Alliance for Affordable Internet Affordability Report highlights successes in Ghana, Kenya, Morocco, Nigeria
The Alliance for Affordable Internet (A4AI), a global coalition working to make broadband affordable for all, has just released “The Affordability Report 2013” (launched by Kenya’s Dr. Bitange Ndemo) which attempts to understand why only some countries have succeeded in creating universal Internet access. The goal is to help other nations catch up as quickly as possible through the recommendation of best stakeholder practices. In total, data in this year’s report covers 46 emerging and developing nations – 22 of which are located in Africa.
The ‘Affordability Index’ ranks countries based on telecoms infrastructure, access to ICT, and Internet affordability indicators. Barriers to affordable Internet are covered as well.
High level findings include:
- Morocco, Kenya, Nigeria, and Uganda are four of the five top developing countries in terms of affordability
- Mauritius is one of the top five emerging countries in terms of affordability
- UN Broadband Commission goals of broadband services priced at less than 5% of monthly income are near-impossible to attain at this time
- Competition does not ensure affordable broadband access in developing countries (policies and regulations to stimulate both supply and demand are needed too)
Barriers to infrastructure creation are many:
- Limited investment in connecting rural areas
- Policies that don’t lower investment risk
- Lack of network resource sharing
- Outdated spectrum policy
- Absence of government subsidies and market incentives
- Insufficient broadband policy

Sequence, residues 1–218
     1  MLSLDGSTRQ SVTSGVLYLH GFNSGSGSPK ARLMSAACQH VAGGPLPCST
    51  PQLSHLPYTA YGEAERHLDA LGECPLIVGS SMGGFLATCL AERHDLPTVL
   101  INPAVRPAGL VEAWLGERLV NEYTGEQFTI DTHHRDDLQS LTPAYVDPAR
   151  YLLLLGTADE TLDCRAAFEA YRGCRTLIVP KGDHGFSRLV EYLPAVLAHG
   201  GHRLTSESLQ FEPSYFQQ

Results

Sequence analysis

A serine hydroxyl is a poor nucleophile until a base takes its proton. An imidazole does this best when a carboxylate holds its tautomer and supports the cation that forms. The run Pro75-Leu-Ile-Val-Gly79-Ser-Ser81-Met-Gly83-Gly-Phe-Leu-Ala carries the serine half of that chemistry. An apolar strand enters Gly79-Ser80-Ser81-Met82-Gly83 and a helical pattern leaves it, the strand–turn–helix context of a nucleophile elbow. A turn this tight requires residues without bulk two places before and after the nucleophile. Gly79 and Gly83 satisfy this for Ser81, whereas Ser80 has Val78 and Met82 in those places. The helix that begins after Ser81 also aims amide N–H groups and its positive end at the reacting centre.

- Scarce demand for services
African Affordability Index 2013 rankings, with anecdotes where provided:
- 2. Mauritius
- 7. Morocco – Strong policies as part of “2013 Digital Morocco”, mobile broadband prices are around 20% of per capita incomes. More than 150,000 teachers have been trained to use digital devices.
- 12. South Africa
- 16. Botswana
- 18. Kenya – An IXP has increased mobile data revenues by upwards of $6 million. Kenya has seen a 90% decline in tariffs since the arrival of four undersea cables in 2009. Demand for mobile services has been stimulated through financial applications like mPesa. In part thanks to mobile money, network operators were able to invest in expanding their networks even further.
- 19. Nigeria – Mobile broadband costs 21% of income at $2 per day. The telecoms regulator has taken steps to eliminate parallel taxes on telecoms infrastructure. A National Broadband Plan outlines how the government will increase broadband penetration 5x to 30% by 2018. Internet usage increased from 24% to 33% between 2010-2012. Smartphones costing under US$30 are desired by 2018.
- 20. Namibia
- 21. Uganda – A competitive market can, in fact, hurt users. Price wars led to lower quality of service which eventually led to tariff increases to generate revenue.
- 22. Tanzania
- 24. Senegal
- 25. Zambia
- 26. Egypt
- 28. Tunisia
- 30. Ghana – International bandwidth rose from 320 Gbps to 12 Tbps from 2010-13. Wholesale broadband costs have declined by as much as 90% since 2006. Mobile broadband penetration rose from 0.24% in 2009 to 33% in 2012. To better connect rural areas, mobile operators have laid terrestrial fibre optic backbone networks. Open access broadband infrastructure is a focus of the government.
- 37. Burkina Faso
- 38. Rwanda – A national 4G network is being funded through a PPP with Korea Telecom and the Government of Rwanda.
- 39. Benin
- 40. Cameroon
- 42. Mali
- 43. Ethiopia – No market competition and limited rural access pose a major challenge.
- 44. Zimbabwe – Some mobile broadband competition, but poor infrastructure expansion and high barriers to investment hurt affordable access. An IXP has actually led to a rare case of duplicating infrastructure and hurting available international bandwidth.
- 45. Malawi
Note: The Affordability Index is comprised of secondary quantitative data with primary data from a multi-country expert survey.